Brunak’s early bioinformatics studies looked at both structure and function and were not limited to sequence properties. Machine learning was integral to these studies, and he went on to write an authoritative text on the subject with Pierre Baldi in 1998, titled Bioinformatics: A Machine Learning Approach. Brunak developed several widely used algorithms rooted in machine learning including NetGene, which predicted introns and exons and splice sites, and SignalP, a signal peptide predictor. He recounted, “This was the time of the genome project, so we started doing exon and intron and splice site prediction using this method called NetGene. Both SignalP and NetGene were interesting in that they integrated several different predictors andexploited the same data from different angles. With NetGene, we had a splice site predictor and an exon predictor and we put them together and we got a much better algorithm out of it than staying just in just the splice site or coding/non-coding domain. In SignalP we also used the same data in two different ways.”
Brunak recalls some of the surprises of his early research. “My first Nature paper was a small paper in 1990. It was a paper where we predicted splice sites using machine learning with neural networks. We noticed a group of splice sites that the network really didn’t want to learn. We just kept training it and it still would not learn them. We started looking at them and it turned out that half of them were database errors, and the other half were more interesting, they were errors made by experimentalists when they interpreted their [sequence]gels. They had put the splice site in the wrong place. The would learn the rare, but true GC donor sites very late, but still learn them. It was an interesting paper that showed the power of machine learning--that it could be a little more clever than the quality of the data. Nature was getting tough on GenBank for removing errors, and here was a computational approach for cleaning up datasets. We used the same technique with SignalP to identify likely errors. [We thought] eithe rit’s an error or super unusual and therefore interesting. We could see in some databases, with signal peptides, that 10-15% of the data was wrong.” Brunak saw this tedious work as an important contribution to cleaning up data sets and spent several years on this effort.
During the Human Genome Project era, Brunak recognized with many others in the field the limits of gene prediction from sequence information alone. But his research using neural networks alluded to some of our present day understanding of the complexities of genomes.Brunak said, “It’s not surprising now that gene prediction was not100% successful. Now we know that there’s transcription everywhere and that what constitutes a gene is highly complex. In 1992 we had a paper in The Journal of Molecular Biology (JMB) examining the way show a neural network looks for gene features in order to produce a prediction. It turned out when we predicted introns and exons, it accepted into JMB, especially when you were trying to deconvolute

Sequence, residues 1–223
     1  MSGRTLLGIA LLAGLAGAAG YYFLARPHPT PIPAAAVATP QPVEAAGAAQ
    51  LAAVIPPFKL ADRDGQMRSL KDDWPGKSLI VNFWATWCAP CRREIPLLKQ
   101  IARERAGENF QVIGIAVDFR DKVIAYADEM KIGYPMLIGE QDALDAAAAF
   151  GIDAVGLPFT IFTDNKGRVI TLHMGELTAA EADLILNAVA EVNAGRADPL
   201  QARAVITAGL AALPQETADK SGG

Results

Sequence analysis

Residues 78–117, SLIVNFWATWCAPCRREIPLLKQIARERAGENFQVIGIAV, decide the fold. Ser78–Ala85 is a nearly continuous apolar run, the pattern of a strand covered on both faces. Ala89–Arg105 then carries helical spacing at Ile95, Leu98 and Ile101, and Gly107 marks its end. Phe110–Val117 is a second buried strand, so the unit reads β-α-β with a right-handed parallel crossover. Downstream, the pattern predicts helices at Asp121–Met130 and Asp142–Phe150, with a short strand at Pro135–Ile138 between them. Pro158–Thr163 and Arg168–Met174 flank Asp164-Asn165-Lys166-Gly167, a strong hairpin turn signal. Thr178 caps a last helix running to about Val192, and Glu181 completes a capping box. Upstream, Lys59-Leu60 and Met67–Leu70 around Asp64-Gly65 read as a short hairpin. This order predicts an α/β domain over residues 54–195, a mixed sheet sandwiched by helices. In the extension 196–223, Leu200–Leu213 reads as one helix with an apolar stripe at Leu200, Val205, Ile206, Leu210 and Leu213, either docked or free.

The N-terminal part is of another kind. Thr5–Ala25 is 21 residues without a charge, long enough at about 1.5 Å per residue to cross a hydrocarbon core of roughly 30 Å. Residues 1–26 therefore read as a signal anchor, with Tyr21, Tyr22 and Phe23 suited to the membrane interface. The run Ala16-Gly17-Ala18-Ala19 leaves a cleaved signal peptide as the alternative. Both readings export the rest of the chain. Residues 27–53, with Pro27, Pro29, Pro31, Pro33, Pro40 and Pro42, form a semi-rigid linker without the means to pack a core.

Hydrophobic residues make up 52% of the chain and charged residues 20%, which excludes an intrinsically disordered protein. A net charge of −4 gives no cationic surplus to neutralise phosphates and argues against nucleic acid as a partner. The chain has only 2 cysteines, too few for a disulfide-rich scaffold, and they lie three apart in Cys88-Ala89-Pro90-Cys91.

theoretically neural network parameters into some biological signal. The pattern it looked for was perhaps known to a referee as an early example of an enhancer. Part of the reason of the success of the machine learning approach is that we didn’t need to know upfront the features that were behind biological mechanisms.”
Brunak’s research focus has shifted direction in recent years during this era of large scale genome projects. In 2007, he was a co-founder of the Novo Nordisk Foundation Center for Protein Research at the University of Copenhagen. The Center’s main goal is to look for proteins of therapeutic value, and they are developing approaches that fit into a healthcare context. Brunak leads the translational disease systems biology group, which looks at genome, proteome and health data, where some cover the entire Danish population. Brunak explained, “I am interested in disease trajectories, the order in which you get diseases, comorbidities and follow-on diseases. If you get type 2 diabetes, you won’t get the same complications as your neighbor.
There are certain trajectories that are more probable than others.”For the entire Danish population, almost all personal information, including education, job status and health records, are tied to a Dane’s personal identification number. As such, researchers including Brunak have an abundance of unique data to work with, and much of his work has focused on boiling down this data into meaningful observations. “My contribution is to put patients into progression groups and interpret proteomics data. We for example group diabetics and will see how their trajectories differ. Having the ability to work from the molecular side and having health data is presumably going to be powerful. We have data from 11 million people living and dead. We also essentially have the family tree from the entire country because it’s encoded in the personal identification number.”
Brunak’s enduring contributions to computational biology and bioinformatics have spanned his career, and given the scope of his recent work, he is certain to make a lasting and valuable contribution to the field.
1 In Danish ”Computerens Fysik”